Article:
Part of me doesn’t even wanna write today. Part of me is a little girl today, mad and accusatory and judgmental. “They don’t deserve to know about my dad,” she whispers. I don’t know whether to laugh or cry.
I’ve said a lot in these pages, the posts on this blog, close to 50,000 words. I said a lot in the book I wrote which less than fifteen people have read. I’ve said a lot for the last two and a half years on facebook. But the secrets so many want, those I have kept. Those I could not and will not give away for free. The secrets my dad and I uncovered. I’ll use them to change the world, but I don’t feel obligated to tell anyone exactly how that’s done. What reason have I been given to trust? Not enough.
I’m petulant today.
It has not been easy to watch people who have not walked the walk, get credit for being able to talk the talk. Hey, guess what, a tape recorder can do that and all it needs is a couple double A’s to keep it running. It has not been easy to watch people take credit, accolades and an extra piece or ten of pie for nothing more than seduction and glamour, the tools of vampires. It has not been easy to watch people fall for the same old ruse time and time again. It has not been easy to watch people demand signs and symbols and miracles instead of being the sign and symbol and miracle. It has not been easy to watch people who call themselves spiritual, enlightened, alchemists apply self-serving principals to those who are not getting their basic needs met. Lost in the programmatic hall of mirrors thinking you found the magic key. I asked my dad, from beyond the veil what he wanted to say, and there it is.
From my father I learned duality. I learned heaven and hell. I learned love and hate. He had those words tattooed on his knuckles, love on one hand, hate on the other. I also learned unconditional love. His were and may end up being the only eyes capable of looking at me that way. Looking, seeing, knowing the truth that lies in my soul, without fear or agenda or jealousy. Unconditional love. That’s a hard, bitter pill to swallow. My dad was a monster. He did unspeakable things. Atrocious. Vile. Violent. Over thirty years he spent this way, drunk, angry, mean enough to spend a season with the devil after he left this realm, smart enough to play a game of cards from that prison and concoct a plan to get the devil on my side.
When I was little, every birthday wish, every shooting star, every first star, every fluff of dandelion was spent on my father, on getting my daddy back. Thirty odd years, oppressed by his heritage, drunken Indian the script, he did the unexpected and God answered bigly. He surrendered. From living on the streets, from being left to die, outcast, condemned, the phone call signaling his death that we all tried not to wait for, it didn’t come. Around the same time that my oldest son was conceived, my dad uttered the prayer from his previously atheistic heart that changed literally everything. He offered what was left of his life to be of service to God, “kill me or use me, if you are real, do something, because my will is gone and I give up.” He said this prayer from a curb. The streets were his home and absolutely everyone had given up on him. My dad knew that without a smidgen of will in his bones, there would be no end to the misery he could wreak. “Maybe I am an alcoholic,” he thought. “If the wages of sin are death, why aren’t I dead yet,” he thought.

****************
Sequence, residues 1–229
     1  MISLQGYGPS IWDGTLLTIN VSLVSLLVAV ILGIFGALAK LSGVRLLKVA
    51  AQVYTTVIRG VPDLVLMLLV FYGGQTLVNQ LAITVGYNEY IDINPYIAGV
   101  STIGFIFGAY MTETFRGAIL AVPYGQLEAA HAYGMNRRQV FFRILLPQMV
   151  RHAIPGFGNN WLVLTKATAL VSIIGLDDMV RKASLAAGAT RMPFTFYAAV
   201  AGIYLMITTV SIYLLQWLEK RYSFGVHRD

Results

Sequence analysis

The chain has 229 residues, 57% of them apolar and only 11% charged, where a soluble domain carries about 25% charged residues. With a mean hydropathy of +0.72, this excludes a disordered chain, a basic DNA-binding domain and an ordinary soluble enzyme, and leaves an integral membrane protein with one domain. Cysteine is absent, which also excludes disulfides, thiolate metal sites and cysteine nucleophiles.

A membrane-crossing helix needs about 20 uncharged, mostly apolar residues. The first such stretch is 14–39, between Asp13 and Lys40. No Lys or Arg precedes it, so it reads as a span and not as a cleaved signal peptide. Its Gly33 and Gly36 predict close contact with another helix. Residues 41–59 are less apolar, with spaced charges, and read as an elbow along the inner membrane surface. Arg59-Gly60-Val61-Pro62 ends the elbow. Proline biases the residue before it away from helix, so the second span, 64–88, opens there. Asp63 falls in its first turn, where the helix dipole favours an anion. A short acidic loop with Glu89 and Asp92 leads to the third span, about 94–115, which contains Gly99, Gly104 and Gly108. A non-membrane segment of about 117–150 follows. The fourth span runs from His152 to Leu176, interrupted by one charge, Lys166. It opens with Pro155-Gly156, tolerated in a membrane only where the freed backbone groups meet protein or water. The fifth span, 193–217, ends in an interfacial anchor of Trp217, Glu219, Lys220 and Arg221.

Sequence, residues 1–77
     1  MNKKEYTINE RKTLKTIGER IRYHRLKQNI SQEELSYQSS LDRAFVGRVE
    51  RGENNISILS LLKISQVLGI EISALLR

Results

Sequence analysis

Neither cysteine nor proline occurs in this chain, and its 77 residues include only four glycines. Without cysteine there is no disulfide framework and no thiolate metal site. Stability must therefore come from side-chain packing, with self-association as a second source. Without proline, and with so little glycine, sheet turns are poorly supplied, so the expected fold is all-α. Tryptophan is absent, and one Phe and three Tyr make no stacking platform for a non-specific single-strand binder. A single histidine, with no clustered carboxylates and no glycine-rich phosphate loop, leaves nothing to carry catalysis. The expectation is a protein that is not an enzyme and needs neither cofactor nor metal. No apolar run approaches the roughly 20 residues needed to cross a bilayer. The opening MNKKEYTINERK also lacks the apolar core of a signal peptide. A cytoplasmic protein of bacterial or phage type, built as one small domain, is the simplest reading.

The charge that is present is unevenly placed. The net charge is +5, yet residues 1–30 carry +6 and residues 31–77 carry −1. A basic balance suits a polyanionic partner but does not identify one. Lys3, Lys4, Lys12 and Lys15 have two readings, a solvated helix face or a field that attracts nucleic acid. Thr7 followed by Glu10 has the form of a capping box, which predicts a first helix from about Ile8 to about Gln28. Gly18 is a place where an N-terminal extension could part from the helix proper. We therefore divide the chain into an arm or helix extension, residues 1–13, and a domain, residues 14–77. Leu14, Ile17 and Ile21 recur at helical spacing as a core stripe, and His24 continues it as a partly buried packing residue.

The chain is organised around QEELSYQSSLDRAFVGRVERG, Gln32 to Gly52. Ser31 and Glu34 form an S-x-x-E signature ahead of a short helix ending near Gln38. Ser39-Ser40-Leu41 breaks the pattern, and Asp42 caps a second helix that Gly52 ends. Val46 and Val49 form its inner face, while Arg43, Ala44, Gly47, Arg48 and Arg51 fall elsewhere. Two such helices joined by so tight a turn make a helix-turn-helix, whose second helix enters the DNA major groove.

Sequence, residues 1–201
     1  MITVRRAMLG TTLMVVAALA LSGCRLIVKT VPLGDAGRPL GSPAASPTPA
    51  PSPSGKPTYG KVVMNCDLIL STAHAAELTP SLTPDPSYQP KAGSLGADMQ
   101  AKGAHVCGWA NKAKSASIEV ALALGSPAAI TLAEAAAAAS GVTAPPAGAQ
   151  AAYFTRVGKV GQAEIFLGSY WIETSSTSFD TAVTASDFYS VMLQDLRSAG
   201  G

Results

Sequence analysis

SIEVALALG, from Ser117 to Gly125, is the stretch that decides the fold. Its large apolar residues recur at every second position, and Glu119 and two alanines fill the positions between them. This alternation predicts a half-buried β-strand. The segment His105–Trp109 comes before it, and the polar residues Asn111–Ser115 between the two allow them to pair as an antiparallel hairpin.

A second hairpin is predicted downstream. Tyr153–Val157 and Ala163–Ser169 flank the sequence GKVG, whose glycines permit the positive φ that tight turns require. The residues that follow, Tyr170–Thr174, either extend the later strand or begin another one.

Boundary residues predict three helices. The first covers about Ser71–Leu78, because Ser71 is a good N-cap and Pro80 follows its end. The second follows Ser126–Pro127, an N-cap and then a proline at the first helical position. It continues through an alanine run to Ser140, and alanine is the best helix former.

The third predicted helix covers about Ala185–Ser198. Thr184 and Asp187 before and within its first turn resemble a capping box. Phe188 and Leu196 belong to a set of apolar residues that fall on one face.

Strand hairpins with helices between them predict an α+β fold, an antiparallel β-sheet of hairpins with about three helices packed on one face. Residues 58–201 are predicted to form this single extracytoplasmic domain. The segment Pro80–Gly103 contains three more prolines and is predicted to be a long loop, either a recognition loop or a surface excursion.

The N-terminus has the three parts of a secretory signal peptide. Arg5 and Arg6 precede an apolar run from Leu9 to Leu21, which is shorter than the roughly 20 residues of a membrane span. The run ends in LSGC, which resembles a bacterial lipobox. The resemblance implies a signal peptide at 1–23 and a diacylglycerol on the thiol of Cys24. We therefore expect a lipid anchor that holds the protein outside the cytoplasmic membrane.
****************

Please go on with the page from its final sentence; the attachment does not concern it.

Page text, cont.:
The same month my son was conceived, my dad started the journey back from hell, from alcoholism, from rage, from hatred. He was rescued. Our prayers were answered. A stranger got him a bed at the Christ Center, the homeless shelter with a program for recovering addicts. The doctor gave him the surprising news that his body was in perfect health. And for the next ten years, I had my daddy back. God gave him two directives, read the Bible and give. He didn’t tell him to go to church, he didn’t tell him to quit swearing, he told him to read and give and be the walking proof that he was.
I didn’t much care for the Bible prior to that. I had grown up with faith being fed to me, went to a Lutheran grade school, spent holidays at church, but my mom had spiritual gifts, so she never fully bought the dogma where it parted from innate (experiential) truth. I was free to be my weird little mystical self in a household where dreams gave you warnings and the spirits of your ancestors were present, ghosts and angels normalized even if understood in secret or private from a world asleep to the unseen realms.
I loved God, had many magical encounters with PEACE that words cannot convey. I always had a hold of that hand, my ears always tuned to that voice, but I did not care for the bible and I was more jealous and perhaps angry at the thought of Jesus having a closer relationship with God than me, than anything else. I was taught directly, what need did I have of the bible. Welp, as it turns out and after a couple years of redeveloping a relationship with my dad, I’d get my weekly or biweekly themes and lessons directly from God, tell my dad what I had been experiencing from my mystical perch and sure as shit, he’d have been reading about the exact same stuff in that book God told him to read.
I’ve been blessed hugely. My life has been extraordinary beyond words. I am petulant because I still don’t know how to convey or share the wisdom of these blessings, of the experiences I’ve had. But I suppose, one day at a time will have to do. The sharing will unfold and I will remain grateful that I was taught the multi-dimensional languages and I will use that gratitude to keep on praying that someday you will see yourselves and when you finally do, you will finally then, also see me.
Namaste. Happy Father’s Day.